Taehan Chŏngsin Yangmul Hakhoe chi; The Korean journal of psychopharmacology; 대한정신약물학회지
Objective: Psychotropic drugs use in pregnant mothers with psychiatric disorders raises issues of safety not only with the mothers but also with fetal development and the postpartum prognosis of the neonate. Several studies have reported on the harmful effects of antenatal exposure to psychotropic drugs. However, debatable disregard of the psychiatric disorder itself and issues of necessary and useful pharmacotherapy clouds the results. Hence, the purpose of this study was to retrospectively examine the association between prenatal psychotropic exposure and clinically evident fetal adverse effects.
Methods: From January 1994 to December 2011, a retrospective chart review of patients diagnosed with a major psychiatric disorder from the department of psychiatry and who also had a history of giving birth at the department of obstetrics and gynecology at Ajou University Hospital was conducted. Participants were divided into two groups: those taking psychotropic drugs during pregnancy were designated to the case group and the control group consisted of those not on psychotropics during pregnancy. Psychotropics included antidepressants, antipsychotics and benzodiazepines used in clinical dosages. Then the two groups were compared on factors such as gestational age, the offspring’s birth weight, bitemporal diameter, and Apgar scores. After then, we analyzed relatively risk potential to the preterm labor in such variables (old age pregnancy, gestational diabetes, gestational hypertension and exposure psychotropics in pregnancy). T-test and logistic regression analysis of the data was performed.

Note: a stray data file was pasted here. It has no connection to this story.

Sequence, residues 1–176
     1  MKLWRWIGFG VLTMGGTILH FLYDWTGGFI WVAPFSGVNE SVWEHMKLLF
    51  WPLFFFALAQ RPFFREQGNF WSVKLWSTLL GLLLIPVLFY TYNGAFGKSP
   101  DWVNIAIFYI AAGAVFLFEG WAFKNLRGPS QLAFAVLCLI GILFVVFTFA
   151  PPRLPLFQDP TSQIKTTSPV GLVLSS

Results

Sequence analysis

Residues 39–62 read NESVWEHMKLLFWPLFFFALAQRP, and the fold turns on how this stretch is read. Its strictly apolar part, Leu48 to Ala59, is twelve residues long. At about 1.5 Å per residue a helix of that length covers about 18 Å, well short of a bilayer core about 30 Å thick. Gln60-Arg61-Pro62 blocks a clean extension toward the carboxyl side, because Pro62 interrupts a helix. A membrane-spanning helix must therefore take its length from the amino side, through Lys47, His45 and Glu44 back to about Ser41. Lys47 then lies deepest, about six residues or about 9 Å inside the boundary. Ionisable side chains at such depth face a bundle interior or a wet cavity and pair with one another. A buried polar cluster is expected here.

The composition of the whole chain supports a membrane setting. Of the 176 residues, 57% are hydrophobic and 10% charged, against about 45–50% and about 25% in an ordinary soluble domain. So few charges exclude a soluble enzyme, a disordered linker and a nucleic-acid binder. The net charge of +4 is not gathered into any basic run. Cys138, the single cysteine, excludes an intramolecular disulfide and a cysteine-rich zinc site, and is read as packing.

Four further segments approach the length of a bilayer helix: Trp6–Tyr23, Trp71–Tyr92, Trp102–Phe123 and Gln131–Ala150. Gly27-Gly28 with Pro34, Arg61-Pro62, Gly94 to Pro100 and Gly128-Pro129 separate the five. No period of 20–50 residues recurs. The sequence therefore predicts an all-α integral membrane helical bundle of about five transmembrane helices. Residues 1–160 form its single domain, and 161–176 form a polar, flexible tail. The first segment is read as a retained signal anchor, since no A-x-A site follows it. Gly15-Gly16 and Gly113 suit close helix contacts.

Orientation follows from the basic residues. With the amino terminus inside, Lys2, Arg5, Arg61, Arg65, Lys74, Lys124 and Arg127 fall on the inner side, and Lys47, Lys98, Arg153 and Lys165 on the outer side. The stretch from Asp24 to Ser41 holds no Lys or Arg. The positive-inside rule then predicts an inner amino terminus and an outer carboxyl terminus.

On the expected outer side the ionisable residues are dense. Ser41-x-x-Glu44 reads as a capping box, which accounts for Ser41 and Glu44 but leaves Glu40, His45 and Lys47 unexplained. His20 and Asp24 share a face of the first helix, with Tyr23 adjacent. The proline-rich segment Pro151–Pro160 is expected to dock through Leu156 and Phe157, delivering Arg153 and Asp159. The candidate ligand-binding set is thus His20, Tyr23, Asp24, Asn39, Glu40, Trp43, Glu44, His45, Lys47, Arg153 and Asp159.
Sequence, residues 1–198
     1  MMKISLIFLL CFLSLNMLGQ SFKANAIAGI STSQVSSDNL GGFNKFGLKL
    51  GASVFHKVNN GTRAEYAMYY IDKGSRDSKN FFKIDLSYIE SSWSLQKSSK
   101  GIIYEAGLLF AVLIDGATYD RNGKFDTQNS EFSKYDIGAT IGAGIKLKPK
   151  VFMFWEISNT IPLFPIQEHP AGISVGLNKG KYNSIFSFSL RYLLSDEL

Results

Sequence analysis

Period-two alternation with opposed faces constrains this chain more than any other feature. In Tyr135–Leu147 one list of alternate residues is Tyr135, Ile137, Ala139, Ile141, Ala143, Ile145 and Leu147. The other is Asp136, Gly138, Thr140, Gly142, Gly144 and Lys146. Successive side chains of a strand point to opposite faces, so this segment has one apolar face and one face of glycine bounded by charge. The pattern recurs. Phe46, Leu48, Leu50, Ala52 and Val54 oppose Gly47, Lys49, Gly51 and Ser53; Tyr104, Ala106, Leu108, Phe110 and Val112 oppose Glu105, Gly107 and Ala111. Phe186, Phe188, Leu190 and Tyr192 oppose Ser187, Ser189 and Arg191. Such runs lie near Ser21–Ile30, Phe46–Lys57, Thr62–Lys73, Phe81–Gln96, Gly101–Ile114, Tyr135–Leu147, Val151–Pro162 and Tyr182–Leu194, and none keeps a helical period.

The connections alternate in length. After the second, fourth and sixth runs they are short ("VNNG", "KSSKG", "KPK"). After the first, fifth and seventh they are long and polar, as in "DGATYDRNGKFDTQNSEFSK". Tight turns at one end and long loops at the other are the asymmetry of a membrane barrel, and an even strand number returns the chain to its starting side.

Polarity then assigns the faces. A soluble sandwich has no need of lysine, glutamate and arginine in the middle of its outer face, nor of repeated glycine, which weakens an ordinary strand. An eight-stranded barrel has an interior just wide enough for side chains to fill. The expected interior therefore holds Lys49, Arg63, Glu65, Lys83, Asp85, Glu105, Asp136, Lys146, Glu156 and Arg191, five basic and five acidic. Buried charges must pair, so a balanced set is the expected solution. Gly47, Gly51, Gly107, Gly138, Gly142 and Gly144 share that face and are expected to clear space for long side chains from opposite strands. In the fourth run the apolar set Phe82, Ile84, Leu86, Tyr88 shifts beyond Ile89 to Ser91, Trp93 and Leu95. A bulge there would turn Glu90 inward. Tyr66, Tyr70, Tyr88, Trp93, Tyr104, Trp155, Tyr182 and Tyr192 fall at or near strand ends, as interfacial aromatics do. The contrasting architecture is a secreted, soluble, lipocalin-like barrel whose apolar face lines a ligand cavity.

Results: Demographic and clinical characteristics did not differ significantly between the groups. Also, there was no significant difference in gestational age, birth weight, bitemporal diameter and Apgar scores between the exposure and non-exposure groups. There was no significant relationship between psychotropic exposure during pregnancy, old age pregnancy, gestational diabetes and preterm labor. However, the relationship between gestational hypertension and preterm labor was significant.
Conclusion: Psychotropic drugs are considered as significant clinical treatment options to control symptoms of psychiatric disorders during pregnancy. In the clinical setting there was no statistically significant relationship between psychotropic exposure and gestational age on fetal development. However the retrospective nature of the study limits the interpretation of the data and constant close monitoring of pregnant patients in the clinical setting is advised.
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